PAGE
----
The cardiograph is a staple medical device within health organizations. Better known as an EKG or ECG, this common diagnostic tool is used to detect heart defects or monitor cardiac conditions during and after a health event.
Whether used with remote monitors during stress tests or electrodes tethered to a bed- or chair-bound patient, it’s important that displays on these devices be easily read from any angle, and that all accessories and any paper readings be properly contained. That’s why GCX works with ECG manufacturers to ensure the workstations supporting these devices and accessories provide optimal workflows.
ECG manufacturers typically deliberate the electronic workflow of the device to avoid any disruption in transmissions. But assessing physical workflows is equally important, especially in critical care environments.
Some of the main considerations that GCX utilizes when developing ECG/EKG mounting solutions are:
Mobility: Will the cardiograph be used constantly and moved throughout the hospital in the course of a shift, or is it used intermittently within one department? How easily does the cart holding the device move over different flooring and around other equipment or furniture in the room? What type of casters work best to facilitate quickly moving the workstation down a hallway? Or to make small positional adjustments in a tight area? Are there easily accessible handles to make maneuverability even easier?
User interface: It’s important that users be able to easily and ergonomically interact with the ECG machine and auxiliary devices. This means ensuring a mount allows a technician or physician to easily view screens and paper readouts from either a sitting or standing position. We’ve noticed that more healthcare providers now lean towards tablets and other touch-based form factors; does your medical manufacturing partner provide enclosures for these smaller screens?
Storage: Related to the mobility requirements of the cart, does a user need to store a full day’s worth of supplies on the cart, possibly including electrodes, wipes, gloves, spare batteries and paper? How frequently are these various supplies accessed and what’s the best way to store them? Do ancillary devices such as barcode scanners, card readers, or suction systems need to be mounted?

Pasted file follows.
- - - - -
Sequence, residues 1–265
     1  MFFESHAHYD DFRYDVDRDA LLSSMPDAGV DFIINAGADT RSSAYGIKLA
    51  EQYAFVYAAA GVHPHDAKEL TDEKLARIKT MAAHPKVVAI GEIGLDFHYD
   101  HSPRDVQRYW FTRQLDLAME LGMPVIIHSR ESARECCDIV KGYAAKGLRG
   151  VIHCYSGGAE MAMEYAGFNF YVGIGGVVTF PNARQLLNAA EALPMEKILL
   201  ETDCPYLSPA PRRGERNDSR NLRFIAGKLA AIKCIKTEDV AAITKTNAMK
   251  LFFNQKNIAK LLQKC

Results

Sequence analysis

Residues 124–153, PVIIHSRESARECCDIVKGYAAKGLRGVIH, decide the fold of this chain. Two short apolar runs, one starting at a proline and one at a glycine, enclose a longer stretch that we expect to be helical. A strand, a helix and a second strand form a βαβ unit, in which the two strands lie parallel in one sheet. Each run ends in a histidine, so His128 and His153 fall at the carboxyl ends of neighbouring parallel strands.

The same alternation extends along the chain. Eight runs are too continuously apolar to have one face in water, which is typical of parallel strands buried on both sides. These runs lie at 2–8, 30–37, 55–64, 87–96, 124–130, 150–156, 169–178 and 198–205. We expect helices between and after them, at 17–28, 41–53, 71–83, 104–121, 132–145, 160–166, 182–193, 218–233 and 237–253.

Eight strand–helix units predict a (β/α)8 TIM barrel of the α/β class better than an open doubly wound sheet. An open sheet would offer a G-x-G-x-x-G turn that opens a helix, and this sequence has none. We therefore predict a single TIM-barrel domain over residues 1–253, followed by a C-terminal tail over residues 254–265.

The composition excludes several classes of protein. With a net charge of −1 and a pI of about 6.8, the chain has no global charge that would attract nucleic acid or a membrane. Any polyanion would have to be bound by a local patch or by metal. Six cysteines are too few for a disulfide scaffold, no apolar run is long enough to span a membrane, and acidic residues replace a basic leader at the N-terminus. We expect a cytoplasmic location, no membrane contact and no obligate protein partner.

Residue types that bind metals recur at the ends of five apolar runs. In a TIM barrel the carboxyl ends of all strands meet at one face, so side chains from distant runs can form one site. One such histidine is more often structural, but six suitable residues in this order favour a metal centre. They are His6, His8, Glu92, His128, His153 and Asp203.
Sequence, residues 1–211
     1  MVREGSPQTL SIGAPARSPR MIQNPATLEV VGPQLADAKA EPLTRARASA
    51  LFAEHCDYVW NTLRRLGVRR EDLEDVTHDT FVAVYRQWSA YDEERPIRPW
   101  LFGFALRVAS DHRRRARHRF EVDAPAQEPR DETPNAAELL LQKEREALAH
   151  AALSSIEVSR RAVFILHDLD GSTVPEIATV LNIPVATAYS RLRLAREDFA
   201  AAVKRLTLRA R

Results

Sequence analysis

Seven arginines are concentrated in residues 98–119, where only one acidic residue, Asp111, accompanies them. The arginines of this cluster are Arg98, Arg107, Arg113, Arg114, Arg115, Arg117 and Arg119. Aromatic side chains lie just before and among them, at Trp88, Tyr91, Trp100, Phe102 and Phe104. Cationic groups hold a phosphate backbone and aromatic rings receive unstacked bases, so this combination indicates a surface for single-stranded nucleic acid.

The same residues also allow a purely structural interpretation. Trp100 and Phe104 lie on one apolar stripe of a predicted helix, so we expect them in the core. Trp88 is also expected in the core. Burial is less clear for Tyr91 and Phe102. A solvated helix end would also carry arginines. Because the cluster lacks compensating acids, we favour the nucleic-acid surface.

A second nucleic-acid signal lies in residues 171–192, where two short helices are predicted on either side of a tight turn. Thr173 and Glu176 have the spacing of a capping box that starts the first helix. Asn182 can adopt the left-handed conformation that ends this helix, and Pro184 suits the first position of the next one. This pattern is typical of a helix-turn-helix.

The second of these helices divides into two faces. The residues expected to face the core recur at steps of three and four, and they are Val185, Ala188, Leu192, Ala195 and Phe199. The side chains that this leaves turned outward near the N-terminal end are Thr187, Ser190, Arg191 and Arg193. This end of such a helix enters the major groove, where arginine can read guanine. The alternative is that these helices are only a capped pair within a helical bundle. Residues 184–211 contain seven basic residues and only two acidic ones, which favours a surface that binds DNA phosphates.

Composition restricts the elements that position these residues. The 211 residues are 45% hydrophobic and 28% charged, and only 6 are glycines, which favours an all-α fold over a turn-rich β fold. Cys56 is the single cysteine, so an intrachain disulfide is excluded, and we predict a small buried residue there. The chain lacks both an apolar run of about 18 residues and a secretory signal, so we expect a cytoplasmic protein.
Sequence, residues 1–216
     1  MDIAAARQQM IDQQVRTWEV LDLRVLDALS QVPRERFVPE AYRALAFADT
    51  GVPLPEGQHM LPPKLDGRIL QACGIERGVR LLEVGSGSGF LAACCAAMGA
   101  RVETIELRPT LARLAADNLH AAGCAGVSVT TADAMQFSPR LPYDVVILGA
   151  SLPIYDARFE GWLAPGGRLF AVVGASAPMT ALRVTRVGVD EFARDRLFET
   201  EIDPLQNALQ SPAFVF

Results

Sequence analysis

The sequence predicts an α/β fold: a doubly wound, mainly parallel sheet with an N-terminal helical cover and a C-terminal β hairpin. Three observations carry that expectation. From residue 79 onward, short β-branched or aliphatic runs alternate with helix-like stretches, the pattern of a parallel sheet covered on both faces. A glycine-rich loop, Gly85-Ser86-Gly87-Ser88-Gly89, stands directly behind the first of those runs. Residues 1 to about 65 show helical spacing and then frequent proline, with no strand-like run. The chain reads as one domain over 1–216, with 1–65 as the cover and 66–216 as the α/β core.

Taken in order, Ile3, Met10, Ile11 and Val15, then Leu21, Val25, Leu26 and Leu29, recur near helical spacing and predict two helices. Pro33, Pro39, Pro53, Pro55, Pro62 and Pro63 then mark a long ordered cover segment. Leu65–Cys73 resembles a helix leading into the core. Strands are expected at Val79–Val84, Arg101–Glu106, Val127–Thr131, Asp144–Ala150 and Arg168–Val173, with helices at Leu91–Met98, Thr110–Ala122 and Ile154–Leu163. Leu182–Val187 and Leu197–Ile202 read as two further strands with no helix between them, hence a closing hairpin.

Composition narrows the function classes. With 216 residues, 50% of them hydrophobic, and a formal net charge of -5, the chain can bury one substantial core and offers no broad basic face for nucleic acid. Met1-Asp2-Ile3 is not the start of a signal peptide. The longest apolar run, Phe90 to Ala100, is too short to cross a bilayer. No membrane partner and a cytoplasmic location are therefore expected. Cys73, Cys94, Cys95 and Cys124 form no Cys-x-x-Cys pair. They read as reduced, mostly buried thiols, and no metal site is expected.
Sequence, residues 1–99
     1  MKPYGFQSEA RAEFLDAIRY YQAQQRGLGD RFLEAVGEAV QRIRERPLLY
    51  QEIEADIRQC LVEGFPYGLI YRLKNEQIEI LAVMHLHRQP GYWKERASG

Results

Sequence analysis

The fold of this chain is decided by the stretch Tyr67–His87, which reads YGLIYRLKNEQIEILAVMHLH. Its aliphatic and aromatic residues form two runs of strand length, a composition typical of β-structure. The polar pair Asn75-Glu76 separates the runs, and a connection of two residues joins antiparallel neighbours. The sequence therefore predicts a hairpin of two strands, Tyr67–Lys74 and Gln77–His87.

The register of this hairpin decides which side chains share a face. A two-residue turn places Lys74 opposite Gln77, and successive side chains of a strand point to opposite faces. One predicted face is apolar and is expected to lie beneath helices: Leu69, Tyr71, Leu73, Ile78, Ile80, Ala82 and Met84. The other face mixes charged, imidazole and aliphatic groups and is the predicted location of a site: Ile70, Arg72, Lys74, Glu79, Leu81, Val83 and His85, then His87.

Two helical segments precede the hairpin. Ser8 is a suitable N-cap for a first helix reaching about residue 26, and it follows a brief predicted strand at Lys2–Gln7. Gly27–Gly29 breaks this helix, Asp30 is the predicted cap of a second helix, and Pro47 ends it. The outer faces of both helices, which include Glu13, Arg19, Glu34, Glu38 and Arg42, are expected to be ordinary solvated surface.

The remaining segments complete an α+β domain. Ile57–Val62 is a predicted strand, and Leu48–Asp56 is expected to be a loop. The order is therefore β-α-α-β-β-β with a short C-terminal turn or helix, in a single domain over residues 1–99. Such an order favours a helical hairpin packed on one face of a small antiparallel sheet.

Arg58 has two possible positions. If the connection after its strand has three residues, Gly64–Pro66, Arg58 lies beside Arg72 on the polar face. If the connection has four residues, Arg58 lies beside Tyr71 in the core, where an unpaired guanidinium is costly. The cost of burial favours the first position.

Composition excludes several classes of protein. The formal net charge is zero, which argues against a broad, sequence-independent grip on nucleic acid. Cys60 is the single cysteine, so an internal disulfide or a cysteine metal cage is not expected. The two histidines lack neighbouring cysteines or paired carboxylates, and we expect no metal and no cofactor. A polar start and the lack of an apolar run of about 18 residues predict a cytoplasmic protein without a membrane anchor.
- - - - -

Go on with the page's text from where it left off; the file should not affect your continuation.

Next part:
Cable and lead management: How will the main AC power cord be managed when not in use? ECG devices also require long patient leads and often a module positioned close to the patient’s body to accurately record cardio activity. Especially when used for stress tests involving a treadmill, stationary bike or other exercise equipment, it’s important that these leads and modules be in close proximity to work as intended without intrusions or disruptions, but then be properly stored between exams.
Paper tray management: How is a paper tray configured to collect paper? Technicians will frequently make notes on the readout, so the paper cannot be left to spill off the side onto the floor. Managing these needs is essential to clinician productivity and a positive user experience.
Infection control: Does the ECG workstation use medical-grade materials that meet strong sanitation protocols? Is it designed to allow for easy cleaning of all parts, particularly bins that could harbor germs? Infection control is important. Not only can it be costly under new value-based insurance plans, but more importantly it poses real risk to patients. Having cleanable surfaces that prevent the spread of germs is of utmost importance, especially when in some use cases an ECG/EKG cart may see upwards of 20 patients per day.
ECG technology is moving from long patient leads to wireless connections, and from paper printouts to electronic recordkeeping. Device aesthetics are generally moving toward simple shapes and clean lines, and a cooler color palette. The contemporary design aesthetic quietly communicates professionalism to patients, and signals that the hospital is applying modern technology.
Device manufacturers who collaborate with us gain valuable engineering expertise from our almost 50 years in this business. We have a broad set of skills, materials and tools to draw from. One recent collaboration for the GE Mac VU resting ECG workstation led to a body made entirely of injection-molded hard plastic. This was an unconventional and innovative approach for an ECG machine, but we had the engineering and manufacturing expertise to make it happen, and much more quickly than vendors with limited range or provisions.
Another big benefit of working with GCX is the speed with which you can bring an ECG product to market—in just a few months in many cases. We are experts at ergonomics and clinical workflows and have a robust set of pre-engineered standard components, so that we can provide high quality and cost-effective finished products with minimal tooling.
Call us today to learn how we can help your next project.